Now, this is the kind of science our greatest minds should be focused on… when they’re not doing actual science, that is.
Students from the University of Leicester published numerous research papers from 2009 to 2016 regarding superheroes and their powers. Those papers were used to create a “definitive” guide to which superhero is best equipped in real life, using scientific principles, physics and biology to test whether or not their powers are theoretically viable.
An example of one of their findings, which appear in the Journal of Interdisciplinary Science Topics and the Journal of Physics Special Topics, shows that Superman would need to spend three days absorbing the sun’s rays to have enough strength to stop a moving train. Their research also claims that while he could have a higher muscle density than humans, the probability of that muscle density being high enough to stop a moving bullet is close to zero.
That said, the study concludes that Supes is the best-equipped superhero of them all and would be powerful enough to reverse the polarity of Earth’s spin. While DC’s Kyrptonian son is placed on a pedestal by the study, Gotham’s favorite son gets kicked to the curb. Batman was given the title of least capable superhero by the study, and researchers calculated that when using his cape to glide (reaching speeds of 50mph) he would find landing to be fatal, especially since he doesn’t use a parachute.
I disagree, but whatever…
On the Marvel side of things, the team found that Spider-Man would have to be doing incredible mathematics in his head whilst web slinging, otherwise he’d smash into walls. Spider silk can stretch by up to 40 percent, meaning the tiniest miscalculation in length of web required or the angle at which he shoots it could prove to be fatal. Then again, that all depends on which Spider-Man we’re talking about and whether or not his webbing is organic or comes from his shooters. He also travels faster than the cars on the road.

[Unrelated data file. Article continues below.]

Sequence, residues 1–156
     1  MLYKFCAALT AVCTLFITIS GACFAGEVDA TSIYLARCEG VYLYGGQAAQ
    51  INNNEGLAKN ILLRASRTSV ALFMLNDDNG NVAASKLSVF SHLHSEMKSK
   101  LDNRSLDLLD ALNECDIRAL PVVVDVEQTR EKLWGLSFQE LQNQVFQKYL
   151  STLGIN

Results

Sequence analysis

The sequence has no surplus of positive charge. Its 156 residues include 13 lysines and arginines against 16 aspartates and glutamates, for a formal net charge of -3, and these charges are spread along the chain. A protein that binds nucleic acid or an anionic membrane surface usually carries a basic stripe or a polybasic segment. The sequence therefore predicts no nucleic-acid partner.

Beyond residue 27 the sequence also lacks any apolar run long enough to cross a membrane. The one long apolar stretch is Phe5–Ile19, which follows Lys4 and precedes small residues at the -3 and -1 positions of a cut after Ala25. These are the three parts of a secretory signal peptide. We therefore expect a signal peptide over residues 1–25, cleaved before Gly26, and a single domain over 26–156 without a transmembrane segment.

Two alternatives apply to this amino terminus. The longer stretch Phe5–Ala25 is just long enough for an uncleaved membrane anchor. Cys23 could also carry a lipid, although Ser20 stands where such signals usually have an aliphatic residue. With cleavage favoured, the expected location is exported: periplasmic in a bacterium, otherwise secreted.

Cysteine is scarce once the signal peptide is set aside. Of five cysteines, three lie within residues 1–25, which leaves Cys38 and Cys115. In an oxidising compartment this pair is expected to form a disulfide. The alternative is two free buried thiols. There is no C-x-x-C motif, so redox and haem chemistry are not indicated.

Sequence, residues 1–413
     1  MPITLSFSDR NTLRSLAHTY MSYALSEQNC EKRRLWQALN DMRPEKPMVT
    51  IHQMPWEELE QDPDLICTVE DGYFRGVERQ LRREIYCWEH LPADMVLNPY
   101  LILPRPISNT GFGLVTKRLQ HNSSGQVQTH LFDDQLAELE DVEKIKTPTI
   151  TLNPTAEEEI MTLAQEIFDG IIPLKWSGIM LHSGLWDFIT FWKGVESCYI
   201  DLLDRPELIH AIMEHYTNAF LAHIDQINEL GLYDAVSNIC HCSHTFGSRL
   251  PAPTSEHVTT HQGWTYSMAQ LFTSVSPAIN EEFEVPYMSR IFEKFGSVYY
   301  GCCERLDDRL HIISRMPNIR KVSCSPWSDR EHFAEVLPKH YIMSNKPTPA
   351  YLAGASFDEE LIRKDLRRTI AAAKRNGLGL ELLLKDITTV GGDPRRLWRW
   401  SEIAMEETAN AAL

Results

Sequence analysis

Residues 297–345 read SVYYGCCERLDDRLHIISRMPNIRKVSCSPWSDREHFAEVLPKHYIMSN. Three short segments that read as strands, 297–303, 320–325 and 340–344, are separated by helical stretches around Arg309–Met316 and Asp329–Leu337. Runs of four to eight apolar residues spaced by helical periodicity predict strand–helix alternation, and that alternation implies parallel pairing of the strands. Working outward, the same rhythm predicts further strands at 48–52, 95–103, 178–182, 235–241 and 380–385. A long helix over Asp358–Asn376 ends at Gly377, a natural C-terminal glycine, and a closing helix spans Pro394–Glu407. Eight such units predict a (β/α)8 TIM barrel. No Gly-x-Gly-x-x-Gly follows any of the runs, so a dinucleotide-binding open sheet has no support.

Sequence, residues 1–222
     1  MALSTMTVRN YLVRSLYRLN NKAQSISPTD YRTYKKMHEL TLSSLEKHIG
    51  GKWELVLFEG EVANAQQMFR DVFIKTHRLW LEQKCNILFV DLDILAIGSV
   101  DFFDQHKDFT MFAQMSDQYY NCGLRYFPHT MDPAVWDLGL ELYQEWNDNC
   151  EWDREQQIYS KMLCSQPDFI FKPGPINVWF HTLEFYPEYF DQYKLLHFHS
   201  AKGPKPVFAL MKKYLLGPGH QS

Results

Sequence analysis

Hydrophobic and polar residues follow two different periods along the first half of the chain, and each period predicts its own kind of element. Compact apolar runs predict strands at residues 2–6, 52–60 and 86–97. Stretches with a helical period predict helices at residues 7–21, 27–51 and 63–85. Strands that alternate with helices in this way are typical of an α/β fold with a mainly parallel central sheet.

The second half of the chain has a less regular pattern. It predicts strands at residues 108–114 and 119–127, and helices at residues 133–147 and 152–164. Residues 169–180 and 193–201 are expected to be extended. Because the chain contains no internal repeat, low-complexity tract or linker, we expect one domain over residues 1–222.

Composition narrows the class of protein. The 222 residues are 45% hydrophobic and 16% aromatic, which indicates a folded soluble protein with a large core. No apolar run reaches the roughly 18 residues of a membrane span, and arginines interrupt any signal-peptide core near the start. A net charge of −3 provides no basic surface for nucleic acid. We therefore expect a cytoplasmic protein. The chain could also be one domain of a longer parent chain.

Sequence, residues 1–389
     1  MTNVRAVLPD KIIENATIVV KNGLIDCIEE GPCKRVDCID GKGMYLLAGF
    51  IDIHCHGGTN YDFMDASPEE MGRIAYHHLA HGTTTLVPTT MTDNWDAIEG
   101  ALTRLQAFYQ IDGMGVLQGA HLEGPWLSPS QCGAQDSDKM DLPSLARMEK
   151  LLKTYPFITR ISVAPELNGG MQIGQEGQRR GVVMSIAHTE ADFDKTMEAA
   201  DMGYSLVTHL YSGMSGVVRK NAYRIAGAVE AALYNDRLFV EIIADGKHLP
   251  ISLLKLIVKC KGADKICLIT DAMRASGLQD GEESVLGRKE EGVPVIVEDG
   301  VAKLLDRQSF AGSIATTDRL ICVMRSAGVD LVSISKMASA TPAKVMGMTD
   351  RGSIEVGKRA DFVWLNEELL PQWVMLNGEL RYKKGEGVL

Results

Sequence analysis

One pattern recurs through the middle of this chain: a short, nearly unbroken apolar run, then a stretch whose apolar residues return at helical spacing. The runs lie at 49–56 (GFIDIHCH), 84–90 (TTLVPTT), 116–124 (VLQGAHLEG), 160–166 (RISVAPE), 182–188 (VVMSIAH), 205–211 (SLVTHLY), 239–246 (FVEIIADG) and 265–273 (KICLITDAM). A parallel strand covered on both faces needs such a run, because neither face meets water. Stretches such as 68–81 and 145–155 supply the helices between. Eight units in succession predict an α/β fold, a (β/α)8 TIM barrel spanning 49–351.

Meanwhile, Wolverine ranks right up there with Superman in terms of being the most capable. His healing factor increases his immunity/resistance to diseases and pathogens (which holds true in the comics) and that’s pretty useful. The Flash, however, has cells that are continually regenerating themselves, meaning he’s likely to suffer from an enhanced mutation rate. If he were real, he’d accumulate 72 years worth of genetic mutations ever year because of his powers.
Then we have Mystique, who wouldn’t be able change her appearance as quickly as the movies and comics allow. Her powers would also be (possibly) a detriment to her health.
Whether or not you agree with their findings is up to you, but the University of Leicester just became one of my favorite institutions… mainly because some of their research involves “a scientific approach to being ‘All About That Bass,'” finding out “how long would it actually take to catch them all?” and the question we’ve all wanted to know: “is it possible to cry a river?‘
Keep it up, kids.